The dollar rose for a fourth consecutive session against a basket of major peers on Thursday, reaching a two-month high as US data pointed to a resilient economy even after an aggressive rate hike cycle from the Federal Reserve.
Weekly initial jobless claims rose 4,000 to 229,000 last week, below the Reuters estimate of 225,000, while the previous week’s data was heavily revised downwards, an indication that employment shows little sign of a crack.
The second estimate of Q1 gross domestic product growth confirmed that the economy was growing at a slower pace, but the increase was revised upwards from an initial 1.1% to 1.3%.
“The recession everyone was talking about in 2023 is certainly not imminent, so with those bets being paid off, rates are creeping up right now,” said Erik Bregar, Director of FX & Precious Metals Risk Management at Toronto-based Silver Gold Bull.
“It’s not permanently baked into the pie, but if we can creep to a 60% or 70% chance of a raise, we’ll probably go again in June.”
“The momentum is definitely on the dollar side,” he added. “I don’t want to curse it, but it’s not something I would want to stand for right now. There’s a lot of momentum behind it.”
By contrast, the German economy, the largest in Europe, slipped into recession in the first quarter as GDP fell by 0.3%, pushing the euro lower. The dollar peaked in two months, receiving additional support from safe-haven demand as concerns over a US default mounted.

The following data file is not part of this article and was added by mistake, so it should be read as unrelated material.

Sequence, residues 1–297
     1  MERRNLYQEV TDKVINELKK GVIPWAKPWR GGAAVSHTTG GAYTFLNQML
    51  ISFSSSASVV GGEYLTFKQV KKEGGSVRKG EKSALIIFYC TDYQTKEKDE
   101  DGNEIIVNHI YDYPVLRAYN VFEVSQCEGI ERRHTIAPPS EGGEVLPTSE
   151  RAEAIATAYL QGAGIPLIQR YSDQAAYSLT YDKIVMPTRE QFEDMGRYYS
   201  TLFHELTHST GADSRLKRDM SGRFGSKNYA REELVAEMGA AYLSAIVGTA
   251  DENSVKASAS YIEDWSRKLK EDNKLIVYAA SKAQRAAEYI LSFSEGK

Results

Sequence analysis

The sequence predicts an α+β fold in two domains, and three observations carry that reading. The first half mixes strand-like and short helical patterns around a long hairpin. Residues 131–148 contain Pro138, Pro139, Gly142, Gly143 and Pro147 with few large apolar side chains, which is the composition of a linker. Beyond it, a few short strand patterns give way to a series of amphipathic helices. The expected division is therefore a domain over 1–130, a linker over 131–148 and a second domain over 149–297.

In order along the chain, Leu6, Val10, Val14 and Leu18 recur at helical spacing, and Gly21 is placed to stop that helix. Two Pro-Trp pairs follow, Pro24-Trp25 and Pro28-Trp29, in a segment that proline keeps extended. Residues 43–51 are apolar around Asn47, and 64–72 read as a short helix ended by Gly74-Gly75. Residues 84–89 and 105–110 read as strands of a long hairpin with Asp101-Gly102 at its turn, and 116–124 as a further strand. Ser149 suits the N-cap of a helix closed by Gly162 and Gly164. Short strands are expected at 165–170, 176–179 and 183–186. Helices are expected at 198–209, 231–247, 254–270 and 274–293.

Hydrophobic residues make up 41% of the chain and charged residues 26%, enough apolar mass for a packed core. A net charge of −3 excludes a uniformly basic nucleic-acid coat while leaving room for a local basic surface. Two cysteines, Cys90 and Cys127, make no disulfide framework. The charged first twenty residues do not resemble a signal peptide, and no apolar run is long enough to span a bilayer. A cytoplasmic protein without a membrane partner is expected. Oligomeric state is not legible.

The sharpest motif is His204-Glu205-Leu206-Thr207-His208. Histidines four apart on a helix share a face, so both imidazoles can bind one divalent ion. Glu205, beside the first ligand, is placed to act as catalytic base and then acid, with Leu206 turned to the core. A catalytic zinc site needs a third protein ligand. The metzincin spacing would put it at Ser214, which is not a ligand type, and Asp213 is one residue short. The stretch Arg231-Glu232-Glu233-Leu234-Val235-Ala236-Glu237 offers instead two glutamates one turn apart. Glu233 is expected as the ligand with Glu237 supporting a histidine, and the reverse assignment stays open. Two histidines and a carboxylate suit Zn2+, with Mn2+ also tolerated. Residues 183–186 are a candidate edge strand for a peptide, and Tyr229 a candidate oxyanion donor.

The dollar index rose 0.433% at 104.280 after hitting 104.31, its highest level since March 17. The four-day run of increases would be the longest since late February.
The euro fell 0.31% to $1.0715.
The probability of a 25 basis point rate hike by the Fed at its June meeting is about 53%, up from about 36% on Wednesday, according to CME’s Fedwatch Tool.
Recent comments from Fed officials indicate that members are divided on whether or not to continue raising rates. Susan Collins, chairman of the Boston Federal Reserve, said on Thursday it may be time for the U.S. central bank to pause its rate hike cycle, while Richmond Fed chairman Tom Barkin said the Fed is in a “test and learn” situation. in terms of curbing inflation.
Concerns about a possible US default have supported the dollar recently as talks continue in Washington to raise the $31.4 trillion debt ceiling. The Treasury Department has warned that it will not be able to pay all its bills by June 1 if the ceiling is not raised.
After days of negotiations, US President Joe Biden and Republican chief executive Kevin McCarthy appeared to be close to an agreement to cut spending and raise the cap, with the two sides about $70 billion apart.
Fitch put the United States’ “AAA” debt ratings at negative, heralding a potential downgrade if lawmakers fail to reach a deal. In addition, credit rating agency DBRS Morningstar put the US on Thursday for a downgrade.
The Japanese yen weakened 0.52% against the greenback to 140.16 per dollar, while the British pound last traded at $1.2311, down 0.43% on the day.